© CeMM/ÖAW

Sneezing, runny nose, watery eyes, or even shortness of breath. According to estimates by the Ärzteverband Deutscher Allergologen (ÄDA, German Medical Allergy Association), around 20 to 30 million people in Germany suffer from allergies such as hay fever, a drug allergy, or a food allergy. And this trend is on the rise. Thes types of allergic reactions are usually due to the release of histamine, proteases, or cytokines from cells of the innate immune system.

These so-called “mast cells” are activated by IgE antibodies. These make up the components of a specific immune response. If these antibodies are sensitive to certain allergens, they in turn activate the mast cells with each new contact. These then release histamines, proteases, or various cytokines. That person subsequently develops typical allergic symptoms. Up until now, however, the evolutionary background of this well-rehearsed system has remained unclear. Or why this system has survived throughout the course of evolution.

Positive sides to allergic reactions

In a joint study by the CeMM – Research Center for Molecular Medicine of the Austrian Academy of Sciences (ÖAW), the Medical University of Vienna, and the Stanford University School of Medicine, researchers have come one step closer to finding the answer to this question. They have discovered that IgE antibodies, together with mast cells, are able to increase the body’s resistance to bacterial infections

The assumption has been around for a long time that the interaction of IgE with mast cells is not just negative for the body where allergies are concerned. Previous studies had already shown that mast cells play a role in the innate immune response to the venom of certain snakes and the honeybee. Building on these studies, scientists have now examined the importance of the interaction of mast cells and IgE antibodies in the defense against toxic organisms. Especially when dealing with pathogenic bacteria. They have published the results of the study in the scientific journal Immunity.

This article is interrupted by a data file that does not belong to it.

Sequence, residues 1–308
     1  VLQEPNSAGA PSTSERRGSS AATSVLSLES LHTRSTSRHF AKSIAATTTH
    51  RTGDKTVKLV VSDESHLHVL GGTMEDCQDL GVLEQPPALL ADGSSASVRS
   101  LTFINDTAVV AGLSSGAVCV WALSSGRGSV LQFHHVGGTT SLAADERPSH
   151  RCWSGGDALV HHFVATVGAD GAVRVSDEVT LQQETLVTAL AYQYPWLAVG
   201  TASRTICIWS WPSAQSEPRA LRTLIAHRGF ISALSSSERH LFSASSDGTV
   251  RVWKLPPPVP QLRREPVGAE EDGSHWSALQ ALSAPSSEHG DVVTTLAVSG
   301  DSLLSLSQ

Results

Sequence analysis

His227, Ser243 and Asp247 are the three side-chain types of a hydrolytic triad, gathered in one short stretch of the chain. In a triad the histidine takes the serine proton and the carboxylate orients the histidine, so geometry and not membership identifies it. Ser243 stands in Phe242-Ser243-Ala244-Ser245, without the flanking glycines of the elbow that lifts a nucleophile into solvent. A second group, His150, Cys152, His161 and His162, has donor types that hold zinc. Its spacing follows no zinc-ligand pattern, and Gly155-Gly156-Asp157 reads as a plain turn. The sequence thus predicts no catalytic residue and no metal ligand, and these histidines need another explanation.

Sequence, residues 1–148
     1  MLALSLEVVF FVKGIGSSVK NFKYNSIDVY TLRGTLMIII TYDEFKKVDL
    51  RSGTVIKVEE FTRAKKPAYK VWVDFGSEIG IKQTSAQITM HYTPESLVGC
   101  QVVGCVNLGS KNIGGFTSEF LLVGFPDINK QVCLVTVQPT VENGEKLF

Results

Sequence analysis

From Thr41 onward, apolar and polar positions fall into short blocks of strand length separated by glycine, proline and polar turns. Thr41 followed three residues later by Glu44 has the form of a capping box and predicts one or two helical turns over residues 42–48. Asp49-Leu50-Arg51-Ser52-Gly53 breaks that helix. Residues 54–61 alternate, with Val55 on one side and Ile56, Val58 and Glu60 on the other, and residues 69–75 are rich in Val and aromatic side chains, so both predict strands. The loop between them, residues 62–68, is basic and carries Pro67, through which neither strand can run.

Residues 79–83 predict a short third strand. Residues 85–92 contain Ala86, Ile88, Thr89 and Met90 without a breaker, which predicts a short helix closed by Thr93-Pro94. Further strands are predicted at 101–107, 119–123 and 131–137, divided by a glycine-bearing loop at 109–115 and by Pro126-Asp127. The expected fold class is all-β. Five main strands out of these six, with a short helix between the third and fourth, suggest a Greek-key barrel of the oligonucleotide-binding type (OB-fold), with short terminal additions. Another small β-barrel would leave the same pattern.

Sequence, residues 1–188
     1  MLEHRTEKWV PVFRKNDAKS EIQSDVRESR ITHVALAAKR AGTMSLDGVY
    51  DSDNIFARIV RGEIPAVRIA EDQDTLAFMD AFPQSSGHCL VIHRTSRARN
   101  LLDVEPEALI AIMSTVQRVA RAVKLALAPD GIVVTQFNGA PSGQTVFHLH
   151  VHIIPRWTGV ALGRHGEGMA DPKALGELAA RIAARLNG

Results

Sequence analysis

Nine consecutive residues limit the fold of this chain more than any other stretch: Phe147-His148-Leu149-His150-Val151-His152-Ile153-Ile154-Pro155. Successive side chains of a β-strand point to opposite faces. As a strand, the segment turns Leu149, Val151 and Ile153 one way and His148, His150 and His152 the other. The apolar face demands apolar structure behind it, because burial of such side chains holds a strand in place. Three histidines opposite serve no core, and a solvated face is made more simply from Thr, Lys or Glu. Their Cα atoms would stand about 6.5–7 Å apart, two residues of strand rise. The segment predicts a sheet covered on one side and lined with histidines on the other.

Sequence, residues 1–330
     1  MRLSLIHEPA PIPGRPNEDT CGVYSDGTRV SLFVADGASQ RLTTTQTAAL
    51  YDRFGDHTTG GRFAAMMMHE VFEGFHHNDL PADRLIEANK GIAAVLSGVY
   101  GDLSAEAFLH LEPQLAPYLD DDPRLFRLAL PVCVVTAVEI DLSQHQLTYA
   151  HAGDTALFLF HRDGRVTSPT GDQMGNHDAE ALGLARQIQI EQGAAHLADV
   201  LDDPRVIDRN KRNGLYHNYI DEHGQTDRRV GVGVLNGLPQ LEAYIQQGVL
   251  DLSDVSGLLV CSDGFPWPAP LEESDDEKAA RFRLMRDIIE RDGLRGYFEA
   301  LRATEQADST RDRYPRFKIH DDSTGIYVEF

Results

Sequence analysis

Because of “its enormous clinical relevance and its broad range of toxins,” the researchers chose the antibiotic-resistant bacterium Staphylococcus aureus as the pathogen model. This is considered one of the most feared hospital germs. As part of their research, they infected genetically modified mice with the pathogen. They also studied in vitro mast cell models in order to decode the functions of selected components of the IgE effector mechanisms.

Resistance to bacterial infections

It was found that the mice that had experienced mild skin infections with S. aureus developed specific IgE antibodies against bacterial components. This immune response made the mice more resistant to severe secondary lung or skin and tissue infections. Genetically-modified mice lacking the IgE effector mechanism, or mast cells, did not build up the resistance that is needed to fight severe secondary infections.

The authors write that these findings would suggest that the interaction of the IgE effector mechanism with mast cells, (which is often only recognized today within allergic contexts), might not only be pathological but also beneficial. “The defense against toxin-producing pathogenic bacteria could therefore be an important biological function of the ‘allergy module’. Moreover, this function – seen from an evolutionary perspective – might be the reason why this immunological interaction has persisted throughout the course of human evolution. And this happens, despite the fact that it can even cause life-threatening reactions in those cases where there is a particular sensitivity towards other foreign substances.

Publication:

IgE Effector Mechanisms, in Concert with Mast Cells, Contribute to Acquired Host Defense against Staphylococcus aureus.“ Authors: Philipp Starkl, Martin L. Watzenboeck, Lauren M. Popov, Sophie Zahalka, Anastasiya Hladik, Karin Lakovits, Mariem Radhouani, Arvand Haschemi, Thomas Marichal, Laurent L. Reber, Nicolas Gaudenzio, Riccardo Sibilano, Lukas Stulik, Frédéric Fontaine, André C. Mueller, Manuel R. Amieva, Stephen J. Galli, Sylvia Knapp, Immunity, 2020 DOI: 10.1016/j.immuni.2020.08.002

Title picture: Not only allergies but also positive health benefits can result when antibodies and cells work together. © CeMM/ÖAW

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About the author

Author profile picture Petra Wiesmayer is a journalist and author who has conducted countless interviews with high-profile individuals and researched and written general entertainment, motorsports, and science articles for international publications. She is fascinated by technology that could shape the future of mankind and enjoys reading and writing about it.As an avid science fiction fan she is fascinated by technology that could shape the future of mankind and enjoys reading and writing about it.